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Terms in this set (73)

15: highest possible score
motor response points
6: obeys a simple response
5: localizes painful stimuli
4: normal flexion (withdrawal)
3: abnormal flexion (decorticate)
2: extensor response (decerebrate)
1: no motor response to pain
verbal response points
5: oriented
4: confused conversation
3: inappropriate words
2: responds with incomprehensible sounds
1: no verbal response
eye-opening points
4: spontaneous
3: in response to sound
2: in response to pain
1: no response even to painful stimuli
eyes open
approach to bedside
verbal command
4: spontaneous response
3: opening of eyes to name or common
2: lack of opening of eyes to previous stimuli but opening to pain
1: lack of opening of eyes to any stimulus
U: untestable
best verbal response
verbal questioning with maximum arousal
5: appropriate orientation, conversant; correct identification of self, place, year, and mouth
4: confusion; conversant, but disorientation in one or more spheres
3: inappropriate or disorganized use of words (e.g., cursing), lack of sustained conversation
2: incomprehensible words, sounds (e.g., moaning)
1: lack of sound, even with painful stimuli
U: untestable
best motor response
verbal command (e.g., "raise your arm, hold up two finger")
pain (pressure on proximal nailbed)
6: obedience of command
5: localization of pain, lack of obedience but presence of attempts to remove offending stimulus
4: flexion withdrawal, flexion of arm in response to pain without abnormal flexion posture
3: abnormal flexion, flexing of arm at elbow and pronation, making a fist
2: abnormal extension, extension of arm at elbow usually adduction and internal rotation of arm at shoulder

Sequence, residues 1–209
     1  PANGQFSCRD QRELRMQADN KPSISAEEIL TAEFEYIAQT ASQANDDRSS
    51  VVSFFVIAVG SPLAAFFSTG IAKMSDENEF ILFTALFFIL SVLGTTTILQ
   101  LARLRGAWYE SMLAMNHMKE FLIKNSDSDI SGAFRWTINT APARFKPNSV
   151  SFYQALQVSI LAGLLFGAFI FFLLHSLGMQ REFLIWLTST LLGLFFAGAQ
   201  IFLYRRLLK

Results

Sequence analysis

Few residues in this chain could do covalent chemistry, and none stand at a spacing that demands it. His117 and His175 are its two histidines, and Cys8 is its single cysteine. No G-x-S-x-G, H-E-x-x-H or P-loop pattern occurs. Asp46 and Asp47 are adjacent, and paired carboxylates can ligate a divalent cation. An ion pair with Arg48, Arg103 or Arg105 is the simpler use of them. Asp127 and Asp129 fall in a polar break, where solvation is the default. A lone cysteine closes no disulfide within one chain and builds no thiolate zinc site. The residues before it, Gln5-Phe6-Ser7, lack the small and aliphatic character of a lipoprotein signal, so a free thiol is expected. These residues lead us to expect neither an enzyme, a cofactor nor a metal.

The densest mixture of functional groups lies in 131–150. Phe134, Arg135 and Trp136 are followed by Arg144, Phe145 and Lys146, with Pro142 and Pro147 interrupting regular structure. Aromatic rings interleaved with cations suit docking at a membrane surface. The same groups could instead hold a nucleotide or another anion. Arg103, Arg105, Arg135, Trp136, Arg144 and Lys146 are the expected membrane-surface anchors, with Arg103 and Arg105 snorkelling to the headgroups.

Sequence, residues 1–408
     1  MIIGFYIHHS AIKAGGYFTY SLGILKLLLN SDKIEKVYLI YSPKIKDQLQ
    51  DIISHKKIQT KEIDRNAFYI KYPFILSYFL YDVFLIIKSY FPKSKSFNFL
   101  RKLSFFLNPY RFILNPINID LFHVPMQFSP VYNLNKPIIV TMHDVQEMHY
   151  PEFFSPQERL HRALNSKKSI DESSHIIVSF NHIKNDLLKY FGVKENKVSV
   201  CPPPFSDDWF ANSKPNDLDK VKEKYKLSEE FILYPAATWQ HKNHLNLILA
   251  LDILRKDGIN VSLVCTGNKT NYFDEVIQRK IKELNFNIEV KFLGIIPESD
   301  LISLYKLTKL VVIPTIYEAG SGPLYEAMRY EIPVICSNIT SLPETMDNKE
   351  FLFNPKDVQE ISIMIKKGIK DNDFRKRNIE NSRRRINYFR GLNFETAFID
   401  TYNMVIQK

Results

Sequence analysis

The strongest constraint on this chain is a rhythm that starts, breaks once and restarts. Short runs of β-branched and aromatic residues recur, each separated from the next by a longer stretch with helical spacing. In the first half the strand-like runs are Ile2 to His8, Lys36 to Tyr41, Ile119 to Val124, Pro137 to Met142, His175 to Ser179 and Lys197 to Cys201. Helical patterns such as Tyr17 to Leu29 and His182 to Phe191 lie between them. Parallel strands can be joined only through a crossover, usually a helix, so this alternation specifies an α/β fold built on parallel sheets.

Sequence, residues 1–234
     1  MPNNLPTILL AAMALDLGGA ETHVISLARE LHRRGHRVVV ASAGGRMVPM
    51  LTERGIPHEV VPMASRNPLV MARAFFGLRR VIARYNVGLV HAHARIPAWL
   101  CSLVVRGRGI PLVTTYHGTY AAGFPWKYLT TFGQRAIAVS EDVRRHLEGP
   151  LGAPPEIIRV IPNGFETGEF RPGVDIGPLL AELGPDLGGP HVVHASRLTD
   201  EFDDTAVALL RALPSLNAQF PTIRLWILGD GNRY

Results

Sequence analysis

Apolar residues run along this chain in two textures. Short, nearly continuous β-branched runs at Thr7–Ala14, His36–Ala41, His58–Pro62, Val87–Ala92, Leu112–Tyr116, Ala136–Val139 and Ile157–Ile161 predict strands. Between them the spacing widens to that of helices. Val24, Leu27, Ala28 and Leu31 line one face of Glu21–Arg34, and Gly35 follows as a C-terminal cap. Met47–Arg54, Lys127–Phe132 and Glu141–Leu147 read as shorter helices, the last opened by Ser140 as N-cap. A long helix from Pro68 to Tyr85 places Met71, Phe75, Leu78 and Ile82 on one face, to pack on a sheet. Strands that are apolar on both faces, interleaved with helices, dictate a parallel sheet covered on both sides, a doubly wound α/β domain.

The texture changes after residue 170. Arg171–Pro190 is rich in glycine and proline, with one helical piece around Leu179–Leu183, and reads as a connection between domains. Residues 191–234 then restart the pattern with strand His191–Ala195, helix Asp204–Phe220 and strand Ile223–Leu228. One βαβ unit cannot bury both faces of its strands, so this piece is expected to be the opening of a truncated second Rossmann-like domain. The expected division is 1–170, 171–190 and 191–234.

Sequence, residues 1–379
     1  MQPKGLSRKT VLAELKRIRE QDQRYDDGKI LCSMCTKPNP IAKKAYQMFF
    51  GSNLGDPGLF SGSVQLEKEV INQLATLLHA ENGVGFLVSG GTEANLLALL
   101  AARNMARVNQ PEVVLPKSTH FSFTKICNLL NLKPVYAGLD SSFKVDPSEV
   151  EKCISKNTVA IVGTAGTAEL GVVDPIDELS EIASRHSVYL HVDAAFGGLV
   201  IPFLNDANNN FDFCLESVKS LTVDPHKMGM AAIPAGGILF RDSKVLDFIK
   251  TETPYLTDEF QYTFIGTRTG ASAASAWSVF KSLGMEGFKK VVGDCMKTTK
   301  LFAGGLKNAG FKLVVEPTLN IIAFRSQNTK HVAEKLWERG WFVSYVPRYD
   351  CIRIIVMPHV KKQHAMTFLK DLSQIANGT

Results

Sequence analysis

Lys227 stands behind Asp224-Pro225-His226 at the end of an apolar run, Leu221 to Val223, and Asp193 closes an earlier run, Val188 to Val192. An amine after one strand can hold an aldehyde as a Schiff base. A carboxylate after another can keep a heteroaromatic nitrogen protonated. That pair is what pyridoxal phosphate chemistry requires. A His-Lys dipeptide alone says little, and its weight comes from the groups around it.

1: lack or response
U: untestable
AHN 659
-monitor VS and neurological status every 30 minutes to 1 hour
-monitor for increased ICP
-monitor for decreased LOC, motor weakness or paralysis, aphasia, visual changes and personality changes
-maintain mechanical ventilation and slight hyperventilation for the first 24 to 48 hours as prescribed to prevent increased ICP
-check the HCP's prescriptions regarding client posturing
-avoid extreme hip or neck flexion, and maintain the head in a midline neutral position
-provide a quiet environment
-monitor the head dressing frequently for signs of drainage
-mark any area of drainage at least once each nursing shift for baseline comparison
-monitor the hemovac of jackson-pratt drain, which may be in place for 24 hours
-monitor suction on the hemovac of jackson-pratt drain
-measure drainage from the hemovac of jackson-pratt drain every 8 hours, and record the amount and color
-notify the HCP if drainage is greater than the normal of 30 to 50 mL per shift
-notify the HCP immediately of excessive amounts of drainage or a saturated head dressing
-provide basic hygiene
-record strict measurement of hourly intake and output
-maintain fluid restriction at 1500 mL/day as prescribed
-monitor electrolyte values